Plaintiff-appellant challenges the district court's dismissal of his complaint and points to three claims which, if proved, would entitle him to relief. The claims are (1) that plaintiff's right to be free from unreasonable search and seizure was violated when the defendant prison guards searched his cell in retaliation for failure to pay an extortion demand; (2) that plaintiff's due process rights were violated when the defendant prison guards planted false evidence and issued a disciplinary ticket in retaliation for failure to pay an extortion demand; and (3) that plaintiff's due process rights were violated when defendant Adjustment Committee members adjudged plaintiff guilty, failed to give him a statement of the evidence relied upon for the finding of guilty, and then ordered an investigation to determine if plaintiff was actually guilty of the infraction charged. We will discuss each claim separately.
Plaintiff contends that the search of his cell in retaliation for failure to pay an extortion demand violates his Fourth and Fourteenth Amendment rights to be free from unreasonable searches and seizures. Plaintiff claims that the search for the purpose of extortion rather than prison security makes the search unreasonable. The Supreme Court has recently held that the Fourth Amendment protection against unreasonable searches does not extend into the prison cell. Hudson v. Palmer, 468 U.S. 517, 104 S. Ct. 3194, 82 L. Ed. 2d 393, 52 U.S.L.W. 5052, 5054 (U.S. July 3, 1984). The Supreme Court's opinion precludes Fourth Amendment challenges to prison cell searches taken for any reason, whether or not reasonable. Although we do not condone the alleged reasons for the defendant prison guards' search of Hanrahan's cell, we must conclude that the complaint in the instant case does not state a claim for which relief can be granted. The district court properly dismissed plaintiff's § 1983 claim insofar as it alleged that his Fourth Amendment right to privacy was violated by the search of his cell.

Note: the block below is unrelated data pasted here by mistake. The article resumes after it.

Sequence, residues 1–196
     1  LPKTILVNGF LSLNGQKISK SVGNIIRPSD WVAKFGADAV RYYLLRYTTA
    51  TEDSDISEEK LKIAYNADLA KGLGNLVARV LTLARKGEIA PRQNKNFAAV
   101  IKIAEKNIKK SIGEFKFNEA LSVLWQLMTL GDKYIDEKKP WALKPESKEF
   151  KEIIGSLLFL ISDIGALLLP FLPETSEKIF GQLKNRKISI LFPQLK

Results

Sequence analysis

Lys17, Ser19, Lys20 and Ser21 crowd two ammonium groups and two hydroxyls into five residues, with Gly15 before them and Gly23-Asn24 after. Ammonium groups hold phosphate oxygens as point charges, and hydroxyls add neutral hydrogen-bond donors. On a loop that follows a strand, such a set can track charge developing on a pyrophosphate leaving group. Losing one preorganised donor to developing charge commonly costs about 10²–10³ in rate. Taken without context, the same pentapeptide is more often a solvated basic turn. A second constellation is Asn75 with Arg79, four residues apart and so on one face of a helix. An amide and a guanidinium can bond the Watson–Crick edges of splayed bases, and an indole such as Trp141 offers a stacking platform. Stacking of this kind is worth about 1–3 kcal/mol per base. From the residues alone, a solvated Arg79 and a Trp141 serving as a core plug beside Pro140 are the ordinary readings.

Plaintiff asserts that his due process rights were violated when the defendant prison guards planted false evidence and issued a disciplinary ticket in retaliation for failure to pay an extortion demand. The pleadings paint a picture of a prison system where the guards have no respect for the law and are not above manufacturing evidence in bad faith to bring about unwarranted sanctions against prisoners. These actions on the part of the guards might be classified as arbitrary. Prisoners are entitled to be free from arbitrary actions of prison officials. Wolff v. McDonnell, 418 U.S. 539, 558, 41 L. Ed. 2d 935, 94 S. Ct. 2963 (1974).The protections against this arbitrary action, however, are the procedural requirements outlined in Wolff v. McDonnell: advance written notice of violation, written statement of fact-finding, the right to present witnesses and present evidence where it would not be unduly hazardous to institutional safety. In addition, an impartial decisionmaking body protects the integrity of the procedure. Redding v. Fairman, 717 F.2d 1105 (7th Cir. 1983), cert. denied, 465 U.S. 1025, 104 S. Ct. 1282, 79 L. Ed. 2d 685 (1984). All of these procedural due process requirements protect prisoners from "arbitrary actions extinguishing their privileges." Id. at 1116. The disciplinary procedures allow a prisoner to defend against improper or erroneous charges. The procedural protections were established to insure fair, impartial decisionmaking on the part of prison officials prior to the imposition of sanctions against a prisoner. The procedures allow an inmate the opportunity to tell his own version of the events at issue to the disciplinary committee.
Although plaintiff in the instant case presents very serious allegations against the defendant prison guards, he was given a disciplinary hearing prior to the imposition of sanctions. He was provided an opportunity to explain his version of the events. There was an impartial committee who listened to his and his cellmate's testimony. The procedural due process requirements were instituted to protect prisoners from the actions complained of here. The Adjustment Committee weights credibility in this setting and determines whose testimony is worthy of belief. Awritten statement of facts would provide a record for a reviewing court to exercise its minimal review of that record to determine whether the actions of the disciplinary committee were arbitrary, capricious or an abuse of discretion. Smith v. Rabalais, 659 F.2d 539 (5th Cir. 1981), cert. denied, 455 U.S. 992, 71 L. Ed. 2d 853, 102 S. Ct. 1619 (1982). Federal courts generally will not entertain requests for a de novo review of the disciplinary committee's factual findings, but will merely consider whether the decision of the committee is supported by "some facts." Id. at 545; Willis v. Ciccone, 506 F.2d 1011 (8th Cir. 1974). In Willis v. Ciccone, an allegation that a disciplinary charge was based on false reports was disposed of summarily because there was a basis in fact for the charges made and action taken. Id. at 1018.*fn3